Probiotics protect mice from CoCrMo particles-induced osteolysis
Authors Wang Z, Xue K, Bai M, Deng Z, Gan J, Zhou G, Qian H, Bao N, Zhao J
Received 17 December 2016
Accepted for publication 30 June 2017
Published 27 July 2017 Volume 2017:12 Pages 5387—5397
Checked for plagiarism Yes
Review by Single anonymous peer review
Peer reviewer comments 2
Editor who approved publication: Dr Linlin Sun
Zhenheng Wang,* Kaiwen Xue,* Maosheng Bai, Zhantao Deng, Jingjing Gan, Gang Zhou, Hongbo Qian,* Nirong Bao, Jianning Zhao
Department of Orthopaedics, Jinling Hospital, School of Medicine, Nanjing University, Nanjing, People’s Republic of China
*These authors contributed equally to this work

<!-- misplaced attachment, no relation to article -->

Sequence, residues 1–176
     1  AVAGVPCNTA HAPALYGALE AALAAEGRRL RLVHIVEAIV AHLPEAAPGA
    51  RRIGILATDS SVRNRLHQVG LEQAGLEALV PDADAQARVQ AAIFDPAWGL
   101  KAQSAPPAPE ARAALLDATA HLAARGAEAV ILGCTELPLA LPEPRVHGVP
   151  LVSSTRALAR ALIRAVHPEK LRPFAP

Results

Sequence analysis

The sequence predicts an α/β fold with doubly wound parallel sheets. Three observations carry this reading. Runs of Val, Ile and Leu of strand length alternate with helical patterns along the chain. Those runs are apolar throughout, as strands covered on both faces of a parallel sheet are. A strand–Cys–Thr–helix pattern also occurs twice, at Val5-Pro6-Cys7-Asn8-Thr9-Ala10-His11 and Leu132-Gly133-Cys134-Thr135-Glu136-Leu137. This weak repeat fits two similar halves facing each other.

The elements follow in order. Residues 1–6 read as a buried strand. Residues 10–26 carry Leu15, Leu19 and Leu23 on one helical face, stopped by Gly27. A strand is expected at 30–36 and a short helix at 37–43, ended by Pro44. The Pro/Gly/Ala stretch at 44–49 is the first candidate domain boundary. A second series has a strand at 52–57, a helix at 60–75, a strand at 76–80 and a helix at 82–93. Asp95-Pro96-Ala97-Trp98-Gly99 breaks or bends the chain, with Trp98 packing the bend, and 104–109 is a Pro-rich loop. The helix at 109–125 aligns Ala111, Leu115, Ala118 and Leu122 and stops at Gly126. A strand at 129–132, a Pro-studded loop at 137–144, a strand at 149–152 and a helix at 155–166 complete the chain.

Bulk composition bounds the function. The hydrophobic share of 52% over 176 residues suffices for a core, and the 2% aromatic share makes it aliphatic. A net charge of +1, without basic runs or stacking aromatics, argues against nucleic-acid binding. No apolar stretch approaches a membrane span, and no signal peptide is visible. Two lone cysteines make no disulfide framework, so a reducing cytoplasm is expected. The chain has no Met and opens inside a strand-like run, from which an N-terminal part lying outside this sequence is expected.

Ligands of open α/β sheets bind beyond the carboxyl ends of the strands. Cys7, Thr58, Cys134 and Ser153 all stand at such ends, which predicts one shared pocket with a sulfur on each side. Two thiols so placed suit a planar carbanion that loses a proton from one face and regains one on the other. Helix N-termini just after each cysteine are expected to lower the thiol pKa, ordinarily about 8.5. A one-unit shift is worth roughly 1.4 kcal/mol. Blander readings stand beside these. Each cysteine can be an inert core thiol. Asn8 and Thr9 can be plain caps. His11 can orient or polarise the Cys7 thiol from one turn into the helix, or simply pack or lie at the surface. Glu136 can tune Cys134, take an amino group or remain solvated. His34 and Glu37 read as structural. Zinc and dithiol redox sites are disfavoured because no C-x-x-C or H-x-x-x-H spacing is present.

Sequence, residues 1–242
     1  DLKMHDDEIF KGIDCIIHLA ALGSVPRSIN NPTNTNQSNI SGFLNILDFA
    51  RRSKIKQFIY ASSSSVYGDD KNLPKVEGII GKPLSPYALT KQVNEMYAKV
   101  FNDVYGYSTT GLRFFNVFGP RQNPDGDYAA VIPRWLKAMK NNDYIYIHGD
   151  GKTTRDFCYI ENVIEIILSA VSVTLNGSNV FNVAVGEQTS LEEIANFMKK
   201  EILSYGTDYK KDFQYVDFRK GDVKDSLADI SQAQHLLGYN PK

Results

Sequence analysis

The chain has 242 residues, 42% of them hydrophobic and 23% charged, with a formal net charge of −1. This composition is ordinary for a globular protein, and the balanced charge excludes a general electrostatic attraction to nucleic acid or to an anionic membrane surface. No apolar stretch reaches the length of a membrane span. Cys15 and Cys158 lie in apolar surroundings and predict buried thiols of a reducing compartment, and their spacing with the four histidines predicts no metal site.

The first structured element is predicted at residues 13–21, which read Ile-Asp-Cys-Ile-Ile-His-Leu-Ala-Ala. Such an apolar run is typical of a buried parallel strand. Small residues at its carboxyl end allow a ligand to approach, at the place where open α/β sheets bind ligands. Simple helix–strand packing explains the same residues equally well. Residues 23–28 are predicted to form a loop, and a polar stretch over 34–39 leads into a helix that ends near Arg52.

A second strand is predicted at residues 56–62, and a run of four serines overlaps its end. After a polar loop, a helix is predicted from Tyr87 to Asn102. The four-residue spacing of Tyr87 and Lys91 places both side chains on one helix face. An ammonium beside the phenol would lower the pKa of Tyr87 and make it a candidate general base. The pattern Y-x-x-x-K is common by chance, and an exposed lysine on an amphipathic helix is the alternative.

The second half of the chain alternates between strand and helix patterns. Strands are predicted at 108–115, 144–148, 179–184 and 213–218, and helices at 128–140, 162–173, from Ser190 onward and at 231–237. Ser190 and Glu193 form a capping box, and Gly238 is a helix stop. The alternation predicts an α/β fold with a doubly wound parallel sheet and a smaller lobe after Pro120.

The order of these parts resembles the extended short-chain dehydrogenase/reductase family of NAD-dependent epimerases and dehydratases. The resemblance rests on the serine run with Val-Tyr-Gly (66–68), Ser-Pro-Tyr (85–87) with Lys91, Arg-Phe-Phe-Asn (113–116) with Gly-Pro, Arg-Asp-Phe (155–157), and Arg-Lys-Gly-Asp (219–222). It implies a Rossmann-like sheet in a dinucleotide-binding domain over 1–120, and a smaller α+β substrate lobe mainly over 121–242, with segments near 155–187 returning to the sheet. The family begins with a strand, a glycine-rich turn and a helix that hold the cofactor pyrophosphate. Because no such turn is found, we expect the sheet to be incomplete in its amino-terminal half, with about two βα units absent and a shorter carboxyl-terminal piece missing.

Abstract: Wear particle-induced inflammatory osteolysis is the primary cause of aseptic loosening, which is the most common reason for total hip arthroplasty (THA) failure in the med- and long term. Recent studies have suggested an important role of gut microbiota (GM) in modulating the host metabolism and immune system, leading to alterations in bone mass. Probiotic bacteria administered in adequate amounts can alter the composition of GM and confer health benefits to the host. Given the inflammatory osteolysis that occurs in wear debris-induced prosthesis loosening, we examined whether the probiotic Lactobacillus casei could reduce osteolysis in a mouse calvarial resorption model. In this study, L. casei markedly protected mice from CoCrMo particles (CoPs)-induced osteolysis. Osteoclast gene markers and the number of osteoclasts were significantly decreased in L. casei-treated mice. Probiotic treatment decreased the M1-like macrophage phenotype indicated by downregulation of tumor necrosis factor α (TNF-α), interleukin (IL)-6 and inducible nitric oxide synthase (iNOS) and increased the M2-like macrophage phenotype indicated by upregulation of IL-4, IL-10 and arginase. Collectively, these results indicated that the L. casei treatment modulated the immune status and suppressed wear particle-induced osteolysis in vivo. Thus, probiotic treatment may represent a potential preventive and therapeutic approach to reduced wear debris-induced osteolysis.